Business / Industries

Mortgage rule changes said to be in the pipeline

By Zheng Yangpeng (China Daily) Updated: 2014-09-24 04:13

Mortgage rule changes said to be in the pipeline

Potential homebuyers visit a housing expo in Zhengzhou, Henan province. Of the 46 cities that had restrictions on home purchases, only six — including Beijing, Shanghai, Guangzhou and Shenzhen — maintain those curbs. GENG GUOQING / FOR CHINA DAILY

Sources hint at early expansion of 'first-time homebuyer' conditions

A media report that China's four largest banks may ease terms for home loans has drawn wide attention, but analysts said that only broad-based changes in mortgage conditions could really reverse the nation's accelerating property downturn.

The lenders to which the as-yet-unconfirmed report referred are Industrial & Commercial Bank of China Ltd, Agricultural Bank of China Ltd, China Construction Bank Corp and Bank of China Ltd.

People who have fully repaid mortgages on previously purchased housing units will be treated as "first-time homebuyers" when it comes to financing for new residences, the 21st Century Business Herald reported on Monday, citing unidentified sources at ICBC and ABC.

First-time buyers in China are allowed to make smaller down payments and borrow at lower rates than other purchasers. If the report proves to be true, it might allow many buyers to acquire a second home under those same easier conditions.

Since 2010, anyone who had previously purchased a home has been treated as a second-time buyer, regardless of the status of their mortgage. Second-time buyers must make a down payment of 60 to 70 percent, compared with just 30 percent for first-time buyers. Rates on their mortgages are 10 percent above benchmark levels, while first-time buyers can borrow at benchmark rates or even a bit below.

One domestic bank held a meeting on Monday to discuss giving a 30 percent discount on mortgage rates to first-home buyers and using relaxed criteria to identify "first-time homebuyers", the Shanghai Securities News reported on Tuesday without identifying the bank.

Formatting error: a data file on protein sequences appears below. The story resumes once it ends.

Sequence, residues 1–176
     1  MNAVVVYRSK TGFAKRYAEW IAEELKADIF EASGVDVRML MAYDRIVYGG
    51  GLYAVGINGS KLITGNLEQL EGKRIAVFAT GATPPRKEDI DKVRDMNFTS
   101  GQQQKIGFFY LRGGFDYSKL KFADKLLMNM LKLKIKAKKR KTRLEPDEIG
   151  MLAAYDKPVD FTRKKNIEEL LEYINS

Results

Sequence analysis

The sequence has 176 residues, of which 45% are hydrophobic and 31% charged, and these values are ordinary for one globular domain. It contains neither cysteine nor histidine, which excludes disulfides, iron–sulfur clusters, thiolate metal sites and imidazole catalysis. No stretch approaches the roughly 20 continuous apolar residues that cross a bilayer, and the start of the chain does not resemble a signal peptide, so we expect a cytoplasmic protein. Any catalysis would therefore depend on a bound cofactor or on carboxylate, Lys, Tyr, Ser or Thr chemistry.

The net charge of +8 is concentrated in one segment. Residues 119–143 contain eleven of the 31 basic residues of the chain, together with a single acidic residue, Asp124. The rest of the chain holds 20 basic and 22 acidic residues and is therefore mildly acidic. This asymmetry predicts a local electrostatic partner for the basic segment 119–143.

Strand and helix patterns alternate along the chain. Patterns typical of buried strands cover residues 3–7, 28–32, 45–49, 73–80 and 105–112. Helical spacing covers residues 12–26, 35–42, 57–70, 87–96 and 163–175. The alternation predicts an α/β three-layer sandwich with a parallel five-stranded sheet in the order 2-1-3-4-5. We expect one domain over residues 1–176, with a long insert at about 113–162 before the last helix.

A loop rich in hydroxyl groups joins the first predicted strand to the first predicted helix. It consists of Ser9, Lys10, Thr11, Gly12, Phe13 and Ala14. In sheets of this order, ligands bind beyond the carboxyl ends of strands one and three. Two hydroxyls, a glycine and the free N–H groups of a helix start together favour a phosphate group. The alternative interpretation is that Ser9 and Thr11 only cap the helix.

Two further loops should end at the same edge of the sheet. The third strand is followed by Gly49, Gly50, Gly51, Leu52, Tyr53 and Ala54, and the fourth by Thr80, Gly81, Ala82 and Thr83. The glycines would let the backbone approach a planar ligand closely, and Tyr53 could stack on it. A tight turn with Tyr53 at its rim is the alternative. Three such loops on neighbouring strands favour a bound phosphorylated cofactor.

The four biggest banks' branches in Shanghai, Beijing and Guangdong have either denied the report or said they have not received any notification from higher authorities.

ICBC said on Tuesday it will closely follow the property market and change relevant policies as necessary. But it did not say whether it had been notified to make any adjustment.

Industrial Bank Co Ltd has begun to classify people who have paid off previous mortgages and do not currently own a home under their names as "first-time buyers" who can borrow at the benchmark rate, website the Paper reported on Tuesday.

The bank later denied that report.

Of the 46 cities that had limits on home purchases, only six — including the four biggest cities of Beijing, Shanghai, Guangzhou and Shenzhen — have maintained those restrictions. But many prospective buyers are still wary.

Home prices dropped in August from July in 68 of 70 cities tracked by the government, the most since January 2011, when China changed the way it compiles the data.

Hopes that housing sales might be making a comeback this month have been dashed: during the first 20 days of the month, sales in 20 cities monitored by E-house China R&D Institute fell 2 percent month-on-month.

Zhang Dawei, chief analyst at Centaline Property Agency Ltd, said a possible alternative easing measure could be for people to be classified as "first-time buyers" as long as they do not have a residence listed under their names, whether or not they have ever had a mortgage.

UBS AG said that if the 21st Century Business Herald's report is confirmed, it would mark "the first major relaxation of mortgage lending rules". More loosening could come, including a lowering of down payments for first mortgages and an across-the-board mortgage rate cut, the bank said.

Yan Yuejin, an analyst with E-house, said that even if the report is true, there would be few beneficiaries since most potential buyers are real first-home buyers, who care most about whether mortgage rates for their purchases will be lowered.

Unnerved by weak sales, some local governments have already loosened credit requirements and abolished multiple-home purchase rules. Fuzhou, Fujian province, said on Monday that people who had paid off mortgages could be considered first-time buyers and enjoy preferential conditions.

The same policy has already been implemented in Nanjing and Hangzhou.

Hubei province reiterated that first-time buyers could borrow at an interest rate set at 70 percent of the benchmark.

Jiang Xueqing contributed to this story.

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